week2notes - EECS 280 Discussion Notes Week 2 Recursion and...

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Unformatted text preview: EECS 280 Discussion Notes - Week 2 Recursion and GDB Recursion is the first major topic in computer science that many students have trouble with (the other two being pointers and dynamic memory management, which we’ll get to later in the course). In this discussion, we’ll see that recursive functions are just functions that call themselves. 1 The Call Stack First, some background: how do you describe “where the computer is” as it’s executing a program? Consider the following: #include < iostream > using namespace std ; void print ( string word) { cout << word << endl ; cout << ‘ ‘ I printed something again ! ’ ’ << endl ; } void print today () { string date = ”Jan 15 2008”; print ( date ) ; } void pr i nt he l l o () { print ( ‘ ‘ Hi ! ’ ’ ) ; } int main () { print today ( ) ; pr i nt he l l o ( ) ; pr i nt he l l o ( ) ; } What if I say that the computer is on the second line of print()? Well, that by itself isn’t enough information. This program, when run, calls print() three times, so according to my description, we could be at any of three places in the program: called by print today() or by the first or second call to print hello(). Therefore, the current line in the program isn’t enough; we also need to know which function called the current function (and on what line), all the way back to main(). A complete description might be: line 2 of print(), called from 1 line 1 of print_hello(), called from line 3 of main(). In reality, the computer maintains all this information using a stack of activation records containing the local variables in each function, which we’ll see in the next example. 2 Recursion Suppose I want to multiply two integers, x and y, storing the result into z, but without using the multiplication (*) operator. (Theoretical computer scientists think this sort of thing is clever.) How can I do this? Well, x times y is x added to itself y times, so we can add x y times into z (initially zero). So, in C++: // Multiplies two numbers via addition // REQUIRES: y > = 0 // EFFECTS: returns x * y int multiply ( int x , int y) { int z = 0; while (y > 0) { z += x ; y- = 1; } return z ; } Does this work? Yes. Does it work if x = 0? y = 0? Yes and yes. What if x < 0? Yes. If y < 0? No. (Hence the REQUIRES clause.) However, there is another way to define multiply: multiply_r(x,y) = if y == 0 = x + multiply_r(x,y-1) if y > 0 This is the recursive definition of multiply, which we call multiply r. Recursion is the process of rerunning a function somewhere inside itself. The base case (the stopping condition) is when y == 0; multiplya function somewhere inside itself....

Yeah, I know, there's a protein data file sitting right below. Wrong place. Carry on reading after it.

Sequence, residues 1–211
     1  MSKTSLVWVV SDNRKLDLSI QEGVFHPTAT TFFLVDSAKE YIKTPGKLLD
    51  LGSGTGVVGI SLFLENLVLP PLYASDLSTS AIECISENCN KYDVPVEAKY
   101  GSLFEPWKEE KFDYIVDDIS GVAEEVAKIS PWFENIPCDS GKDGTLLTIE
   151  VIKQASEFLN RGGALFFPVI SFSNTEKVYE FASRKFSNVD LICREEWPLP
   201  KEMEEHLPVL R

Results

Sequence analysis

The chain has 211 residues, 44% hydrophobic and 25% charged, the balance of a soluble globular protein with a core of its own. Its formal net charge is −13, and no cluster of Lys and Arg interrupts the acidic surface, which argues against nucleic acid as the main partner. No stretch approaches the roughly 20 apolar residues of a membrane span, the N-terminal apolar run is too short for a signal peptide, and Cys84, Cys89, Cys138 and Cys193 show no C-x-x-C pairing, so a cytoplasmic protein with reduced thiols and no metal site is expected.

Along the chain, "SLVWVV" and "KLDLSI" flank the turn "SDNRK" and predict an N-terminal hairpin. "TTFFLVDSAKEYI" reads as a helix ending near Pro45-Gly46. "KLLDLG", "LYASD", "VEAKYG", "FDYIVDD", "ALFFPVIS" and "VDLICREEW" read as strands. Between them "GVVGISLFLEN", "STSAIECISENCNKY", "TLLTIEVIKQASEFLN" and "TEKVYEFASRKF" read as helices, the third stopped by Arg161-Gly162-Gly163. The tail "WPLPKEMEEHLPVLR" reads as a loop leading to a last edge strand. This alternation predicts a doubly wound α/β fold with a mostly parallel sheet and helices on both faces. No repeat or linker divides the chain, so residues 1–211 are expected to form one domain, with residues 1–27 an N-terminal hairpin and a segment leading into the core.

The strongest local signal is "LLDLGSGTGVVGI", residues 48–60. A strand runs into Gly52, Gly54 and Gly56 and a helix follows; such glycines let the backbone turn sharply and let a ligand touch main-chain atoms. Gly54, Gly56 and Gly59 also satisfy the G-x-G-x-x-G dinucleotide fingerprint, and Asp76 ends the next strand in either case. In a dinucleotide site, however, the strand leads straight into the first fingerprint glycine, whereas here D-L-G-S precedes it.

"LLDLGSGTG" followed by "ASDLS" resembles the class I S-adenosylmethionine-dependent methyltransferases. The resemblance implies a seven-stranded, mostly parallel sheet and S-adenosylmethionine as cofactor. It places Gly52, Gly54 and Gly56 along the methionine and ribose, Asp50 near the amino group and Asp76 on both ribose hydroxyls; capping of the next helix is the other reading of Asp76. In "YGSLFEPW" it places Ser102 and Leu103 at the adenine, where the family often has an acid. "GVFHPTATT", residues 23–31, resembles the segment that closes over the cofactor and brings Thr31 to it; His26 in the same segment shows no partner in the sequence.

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week2notes - EECS 280 Discussion Notes Week 2 Recursion and...

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